• Conference paper

      Development of integrated multi-trophic aquaculture using sea cucumber 

      S Watanabe, M Kodama, JG Sumbing & MJH Lebata-Ramos - In K Gruenthal, M Rust, P Olin & E Trentacoste (Eds.), Genetics in Aquaculture: Proceedings of the 42nd U.S.-Japan Aquaculture Panel Symposium, La Jolla, CA, October 1, 2014, 2017 - United States Department of Commerce, National Oceanic and Atmospheric Administration, National Marine Fisheries Service
      Series: NOAA technical memorandum; NMFS-F/SPO-168
      In Southeast Asian countries, aquaculture production continues to increase. Environmental deterioration associated with water and sediment eutrophication by aquaculture effluent has been problematic, sometimes resulting in disease outbreaks and fish kills due to hypoxia and hydrogen sulfide poisoning. Integrated multi-trophic aquaculture (IMTA) is one of the promising measures for sustainable aquaculture. In this study, a box model estimation of nitrogen (N) budget based on experimental data and values from literature was made for a system of sandfish (Holothuria scabra) in sea cage IMTA with milkfish (Chanos chanos) and Elkhorn sea moss (Kappaphycus alvarezii).

      Information on stocking density, stocking size, mortality, growth, feed ration, feed assimilation, NH4-N production and NH4-N absorption of these species was obtained from a series of experiments and existing literature. In the production system 26 g milkfish were cultured in a 5 x 5 x 4 m cage at the stocking density of 36.7 ind/m3 with the initial feeding ration of 10% of body weight which was gradually decreased to 4% over time; 10 g sandfish were cultured in a cage with the same bottom area as milkfish cage hanged under the milkfish cage to trap particulate N waste (i.e. feces and leftover feed) at the stocking density of 35 ind/m2; the stocking weight of Elkhorn sea moss line culture was 10 kg; culturing period was 200 days.

      It was estimated that milkfish culture cumulatively produced 145 kg of particulate N, and milkfish and sandfish together produced 60 kg of NH4-N in 200 days of culture. Daily assimilation rate of the particulate N by sandfish ranged 3.4 - 12.4%, and 4.3% of the particulate N was estimated to be removed by sandfish in 200 days of culture. Daily absorption rate of NH4-N by Elkhorn sea moss increased exponentially with time and reached 100% after 125 days of culture. Cumulative NH4-N was estimated to be depleted after 162 days of culture. For complete utilization of particulate N by the end of culture, sandfish stocking density should be 805 ind/m2, which is 200 times as high as that in existing sandfish aquaculture operations.
    • Article

      Diet-tissue stable isotopic fractionation of tropical sea cucumber, Holothuria scabra 

      S Watanabe, M Kodama, JG Sumbing & MJH Lebata-Ramos - Japan Agricultural Research Quarterly, 2013 - Japan International Research Center for Agricultural Sciences (JIRCAS)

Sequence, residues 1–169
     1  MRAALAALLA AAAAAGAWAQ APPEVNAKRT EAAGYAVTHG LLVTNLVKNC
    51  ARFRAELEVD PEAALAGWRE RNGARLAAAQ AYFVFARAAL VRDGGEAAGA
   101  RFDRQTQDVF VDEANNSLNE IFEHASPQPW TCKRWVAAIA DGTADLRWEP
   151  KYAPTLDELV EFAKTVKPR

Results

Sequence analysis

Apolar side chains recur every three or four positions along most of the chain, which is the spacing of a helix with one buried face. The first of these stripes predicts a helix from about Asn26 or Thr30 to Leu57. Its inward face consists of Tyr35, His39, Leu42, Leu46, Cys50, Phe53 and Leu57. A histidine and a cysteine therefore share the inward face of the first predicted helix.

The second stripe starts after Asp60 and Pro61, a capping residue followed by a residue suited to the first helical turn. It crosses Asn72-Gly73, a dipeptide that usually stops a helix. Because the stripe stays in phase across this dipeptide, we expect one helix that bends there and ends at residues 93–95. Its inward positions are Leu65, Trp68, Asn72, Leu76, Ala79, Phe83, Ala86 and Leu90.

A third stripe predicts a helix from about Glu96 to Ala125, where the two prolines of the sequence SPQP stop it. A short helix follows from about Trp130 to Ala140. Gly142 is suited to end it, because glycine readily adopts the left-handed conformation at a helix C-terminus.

To provide a basis for a stable carbon and nitrogen isotope ratio (δ13C / δ15N) analysis to determine the assimilated organic matter in sea cucumber, Holothuria scabra, diet-tissue fractionations were experimentally determined by mono-feeding rearing with diatom. While δ15N fractionation of the whole body wall (2.4‰) was similar to the commonly accepted value (2.6 - 4‰), δ13C fractionation of the body wall (4.2‰) showed considerable discrepancy with the commonly accepted value (0 - 1‰) due to the high content (35% dry wt/wt) of calcareous spicules (CaCO3) in the body wall, which had significantly higher δ13C (-8.6‰) than the organic fractions. Computational elimination of spicules based upon spicule content and spicule δ13C reduced the δ13C fractionation of the body wall to 1.5‰, close to the common value. δ13C fractionation after spicule removal by acid decarbonation and subsequent rinsing (3.2‰) did not agree with the common value, and δ15N fractionation was significantly elevated by decarbonation. δ15N and δ13C fractionations of the intestine (1.5 and 2.2‰, respectively) did not agree with the common values. Since δ13C and δ15N of the feces did not differ significantly from those of the diet, feces may be used to determine ingested organic matter in the wild.
    • Conference paper

      Estimation of energy budget of sea cucumber, Holothuria scabra, in integrated multi-trophic aquaculture 

      S Watanabe, M Kodama, ZGA Orozco, JG Sumbing, SRM Novilla & MJH Lebata-Ramos - In MRR Romana-Eguia, FD Parado-Estepa, ND Salayo & MJH Lebata-Ramos (Eds.), Resource Enhancement and Sustainable Aquaculture Practices in Southeast Asia: Challenges in Responsible Production … International Workshop on Resource Enhancement and Sustainable Aquaculture Practices in Southeast Asia 2014 (RESA), 2015 - Aquaculture Department, Southeast Asian Fisheries Development Center
      Continuous intensification of aquaculture production has brought about environmental issues associated with eutrophication worldwide. Environmental deterioration such as hypoxia and sulfide production due to water and sediment eutrophication originating from aquaculture effluents have been problematic, resulting to sporadic disease outbreaks and fish kills in the Philippines.

      Integrated multi-trophic aquaculture (IMTA) is one of the promising methods for sustainable aquaculture as it also provides a supplementary source of income to the fish farmers. IMTA is a polyculture system that integrates culturing of fed species (e.g. finfish) the main commodity, organic extractive species (e.g. deposit and filter feeding benthos) and inorganic extractive species (e.g. seaweed). In this study, IMTA techniques were established for small-scale coastal fish farmers in the Philippines, with sea cucumber (Holothuria scabra, commonly known as sandfish), as the key species. Sandfish commands the highest price in tropical sea cucumber species.